To find one brilliant and valuable piece of gold, panhandlers would sift through huge quantities of dirt flecked with sparkling gold dust, never taking their eyes off each grain lest they miss the prize – and appreciating each piece of even common dirt because it was part of their essential life.

So it is with India.

About Shelley Seale

Shelley is a wanderer and student of the world, yoga chick, voracious reader and dog lover. She pounds the keyboard as a freelance writer, author and publication designer, based in Austin, Texas when she isn't traipsing around the globe. Shelley has written for National Geographic, USA Today, The Guardian, The Week, Fodor's, The Telegraph and Texas Monthly, among others. Shelley has performed a catch on the flying trapeze, boarded down a live volcano, and was once robbed by a monkey in India. But she doesn’t know how to whistle.

Posted on March 7, 2007, in India, shelley seale, travel and tagged , , , , , , , . Bookmark the permalink. 7 Comments.

  1. jim scarborough

    Shelley, I look forward to your updates. Via con Dios!

  2. Hi Shelley! I’m so happy to hear from you and know that you have made it safelyto India! I look forward to every word you write and can’t wait until you are home to tell us about it first hand. Love you! – Amy

  3. Kathleen Evans

    My favorite part:

    “Why someone would pay a large amount of money to go somewhere and then pay even more enormous sums to be protected from it, I can’t answer for you. I have no idea. I think these people should just stay home and watch the travel channel.”

    Shelley, this is brilliantly written. I can’t wait to experience India again in just a few days. I am sure your book will be amazing! Safe travels. See you in Roukela!

  4. Shelley, I’m so excited to “go” on this journey with you. Thanks for setting up this blog. Speaking of which, you have to remember that some of us single women who are travelers and “leave our homes to explore the world” feel most comfortable booking an organized tour when it’s our first time in the country and we’re traveling solo. That’s how I experienced China and it’s how I’ll see India for the first time this year. I know I’m getting the filtered, watered-down version, but I’m thankful to see and do and be, regardless. (Now, Europe and Mexico are different stories. Just give me a good pair of walking shoes and a map and I’ll blaze my own trail, thank you! Funny how that is…) Anyway, I’m looking forward to more posts. xoxo!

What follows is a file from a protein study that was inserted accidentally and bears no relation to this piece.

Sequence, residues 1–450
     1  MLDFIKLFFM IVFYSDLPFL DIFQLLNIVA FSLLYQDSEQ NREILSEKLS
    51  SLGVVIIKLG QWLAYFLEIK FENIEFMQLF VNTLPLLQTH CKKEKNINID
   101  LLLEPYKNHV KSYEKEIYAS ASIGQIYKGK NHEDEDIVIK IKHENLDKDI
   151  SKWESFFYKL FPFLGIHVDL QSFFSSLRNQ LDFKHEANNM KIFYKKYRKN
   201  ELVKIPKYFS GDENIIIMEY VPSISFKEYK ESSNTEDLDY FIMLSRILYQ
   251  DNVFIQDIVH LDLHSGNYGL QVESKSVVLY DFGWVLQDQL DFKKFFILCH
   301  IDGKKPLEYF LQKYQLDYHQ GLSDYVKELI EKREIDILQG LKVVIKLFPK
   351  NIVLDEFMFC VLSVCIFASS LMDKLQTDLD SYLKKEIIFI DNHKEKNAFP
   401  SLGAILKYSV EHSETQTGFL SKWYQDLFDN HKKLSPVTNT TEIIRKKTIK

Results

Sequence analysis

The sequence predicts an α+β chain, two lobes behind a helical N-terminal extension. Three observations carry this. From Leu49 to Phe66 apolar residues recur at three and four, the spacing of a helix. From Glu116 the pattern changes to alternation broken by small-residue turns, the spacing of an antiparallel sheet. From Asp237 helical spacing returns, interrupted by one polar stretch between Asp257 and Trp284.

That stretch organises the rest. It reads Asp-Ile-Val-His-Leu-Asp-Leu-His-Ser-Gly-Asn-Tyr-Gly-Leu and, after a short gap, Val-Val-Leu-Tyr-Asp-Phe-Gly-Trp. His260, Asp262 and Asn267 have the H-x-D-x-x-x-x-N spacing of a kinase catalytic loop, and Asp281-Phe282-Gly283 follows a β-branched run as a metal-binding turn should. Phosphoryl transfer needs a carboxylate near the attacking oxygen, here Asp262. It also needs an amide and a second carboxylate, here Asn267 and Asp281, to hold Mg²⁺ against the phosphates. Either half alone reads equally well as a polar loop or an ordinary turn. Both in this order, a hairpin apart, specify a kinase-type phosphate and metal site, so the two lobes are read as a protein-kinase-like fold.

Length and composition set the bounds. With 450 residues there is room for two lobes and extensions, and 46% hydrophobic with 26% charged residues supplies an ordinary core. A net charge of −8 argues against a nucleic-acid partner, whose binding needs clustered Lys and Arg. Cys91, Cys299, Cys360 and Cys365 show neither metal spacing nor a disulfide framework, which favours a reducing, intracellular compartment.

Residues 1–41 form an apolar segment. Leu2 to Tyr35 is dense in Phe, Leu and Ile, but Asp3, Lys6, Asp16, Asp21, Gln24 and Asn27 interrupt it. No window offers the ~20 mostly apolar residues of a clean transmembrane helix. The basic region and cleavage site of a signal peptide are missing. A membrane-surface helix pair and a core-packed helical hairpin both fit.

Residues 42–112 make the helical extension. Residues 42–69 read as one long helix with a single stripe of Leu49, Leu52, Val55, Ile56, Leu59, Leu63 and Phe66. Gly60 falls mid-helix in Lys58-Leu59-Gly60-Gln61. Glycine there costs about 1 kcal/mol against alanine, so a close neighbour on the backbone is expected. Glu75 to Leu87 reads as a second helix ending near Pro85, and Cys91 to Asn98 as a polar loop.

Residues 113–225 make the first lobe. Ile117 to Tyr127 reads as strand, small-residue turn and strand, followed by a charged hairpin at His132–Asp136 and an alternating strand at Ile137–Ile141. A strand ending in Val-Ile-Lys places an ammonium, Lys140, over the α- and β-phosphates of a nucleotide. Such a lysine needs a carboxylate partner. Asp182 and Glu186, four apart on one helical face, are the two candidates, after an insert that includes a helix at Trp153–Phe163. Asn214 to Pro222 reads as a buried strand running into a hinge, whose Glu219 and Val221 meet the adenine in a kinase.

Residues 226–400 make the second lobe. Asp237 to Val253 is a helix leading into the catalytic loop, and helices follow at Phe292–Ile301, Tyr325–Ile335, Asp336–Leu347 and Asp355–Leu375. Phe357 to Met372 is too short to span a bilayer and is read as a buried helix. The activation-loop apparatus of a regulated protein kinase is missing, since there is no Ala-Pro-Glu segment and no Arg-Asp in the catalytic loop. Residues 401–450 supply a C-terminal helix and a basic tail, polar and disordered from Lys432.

5. Hi Katie,
    Thanks for your comments and hope I didn’t offend!! Just to clarify – I have nothing against ALL group travel per se – it is more the spirit of, and how people travel. As a woman, if I were going certain places in the world, especially alone or places I have not been – the Middle East, for one – I would most certainly arrange for a group ahead of time. I am really talking about the kinds of people who don’t leave their resorts, who expect things to be like they are at home, who pay to be shielded from the country and the experience. As Rolf Potts said, tourists go to escape and travelers go to experience. It is all about expectations, and many people have the exact same expectations when traveling as they do at home, instead of leaving them checked at the door – which is what true travel is all about – and this is why they pay to be shielded and then go home and complain about the place they visited. You are definitely in the category that goes to experience!

  6. love this post!

    I’ve been to India as a solo woman-of-a-certain-age traveler in 2005, 2006, and am planning my third trip. I had never been overseas in my life before and I’ve been around the sun over 50 times….I went to India to study yoga (am yoga teacher.)

    The minute I stepped off the plane in Chennai I felt as if I had come home, and there is not a day that goes by that I do not think of India.

    great blog!

  1. Pingback: Lindia’s India « linda's yoga journey